Buick Y-Job

Famous General Motors stylist and engineer Harley Earl made a career introducing innovation in the automotive world. In his early years he worked for Cadillac designing models for Hollywood celebrities and American nouveaux riches.

Earl designed Cadillac La Salle model in 1927, one of the first luxury cars fully assembled within a large professional manufacturer. It was common practice at the time to produce vital luxury car parts by the main factory, while the body was built by a specialized company.

In 1938 Earl designed the first concept car in the American automotive industry named Buick Y-Job. Entire concept car approach was created from his work to show future innovations. Elements found in Buick Y-Job can be easily seen in the styling of different Buick models until the 1950s.

These included power operated concealed headlamps, a gun sight hood design, wraparound bumpers, vertical grille, electric windows and many more. In fact, wide horizontal grille with vertical bars remains a Buick styling characteristic even today.

There are two main explanations for the Buick Y-Job name. Because vehicle prototypes usually had a letter X in the name Harley Earl simply chose the next letter in the alphabet. Another theory suggests that the name was inspired by a practice in the aviation industry to give Y mark to the most technologically advanced models.

Buick Y-Job wasn't just a showroom car. Harley Earl used it as his personal vehicle on the streets of Detroit for thirteen years and made over 25,000 miles before he switched to Le Sabre dream car.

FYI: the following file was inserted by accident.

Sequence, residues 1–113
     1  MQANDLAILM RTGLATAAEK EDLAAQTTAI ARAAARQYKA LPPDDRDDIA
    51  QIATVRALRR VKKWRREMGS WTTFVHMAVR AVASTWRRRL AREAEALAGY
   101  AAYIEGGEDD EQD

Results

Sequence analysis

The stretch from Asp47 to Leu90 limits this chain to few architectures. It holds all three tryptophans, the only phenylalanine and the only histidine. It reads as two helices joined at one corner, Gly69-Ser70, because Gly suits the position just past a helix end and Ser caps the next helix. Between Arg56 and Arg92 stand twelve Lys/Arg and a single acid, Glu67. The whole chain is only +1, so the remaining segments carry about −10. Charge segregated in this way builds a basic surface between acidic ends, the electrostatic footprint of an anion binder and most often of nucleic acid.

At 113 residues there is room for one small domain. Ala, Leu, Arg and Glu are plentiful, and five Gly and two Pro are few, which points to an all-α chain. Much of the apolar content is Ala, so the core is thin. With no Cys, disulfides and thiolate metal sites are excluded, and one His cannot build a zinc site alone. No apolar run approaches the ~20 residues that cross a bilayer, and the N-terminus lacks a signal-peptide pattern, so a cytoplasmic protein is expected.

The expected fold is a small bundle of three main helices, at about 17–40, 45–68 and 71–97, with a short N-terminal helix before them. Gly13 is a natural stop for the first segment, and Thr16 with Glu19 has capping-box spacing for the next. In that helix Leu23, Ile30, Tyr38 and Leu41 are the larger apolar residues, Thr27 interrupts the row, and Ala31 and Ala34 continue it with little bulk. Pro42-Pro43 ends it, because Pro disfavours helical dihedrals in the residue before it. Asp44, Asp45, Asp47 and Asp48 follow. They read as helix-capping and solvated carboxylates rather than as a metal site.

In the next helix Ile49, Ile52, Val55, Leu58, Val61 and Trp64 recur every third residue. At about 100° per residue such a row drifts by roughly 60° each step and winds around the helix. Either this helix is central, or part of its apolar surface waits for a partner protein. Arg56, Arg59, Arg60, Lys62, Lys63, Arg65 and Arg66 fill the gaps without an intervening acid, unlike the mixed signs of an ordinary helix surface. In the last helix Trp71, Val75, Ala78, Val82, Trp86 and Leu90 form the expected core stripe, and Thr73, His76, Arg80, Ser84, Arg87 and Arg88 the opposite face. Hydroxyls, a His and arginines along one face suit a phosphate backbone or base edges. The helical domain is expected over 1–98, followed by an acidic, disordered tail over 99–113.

Power performance was based on 320 cu in Inline-8 Buick engine capable of generating 141 horsepower. It wasn't the most powerful engine, but it perfectly balanced power with comfort. The ride in a Buick Y-Job was very quiet and smooth, unlike other models of the era. Model was all about comfort and not really about the speed or racing.

Charlie Chayne, Buick's chief engineer, personally modified the original production Buick chassis. Unfortunately, concept cars are often overshadowed by other futuristic models.

The Buick goal was to see public reaction to different changes in style, in order to help them make investing decisions on future models. In this case, Buick Y-Job was equally brilliant on paper as it was in real life. It showed an engineering vision of future automotive design well and people viewed the prototype as incredibly impressive.

Buick Y-Job prototype was finally consigned to a warehouse. It was completely restored in 1990s by Dale Jacobsen, a manager of General Motor's fleet of heritage and concept vehicles.

The model was moved between several highly reputable automotive history museums until 1993, when it was returned to General Motors in Warren, Michigan. Nowadays, Buick Y-Job is considered an honored member of General Motors heritage collection. As a tribute, company redesigned the same special features and styling in 2001 Buick Blackhawk.

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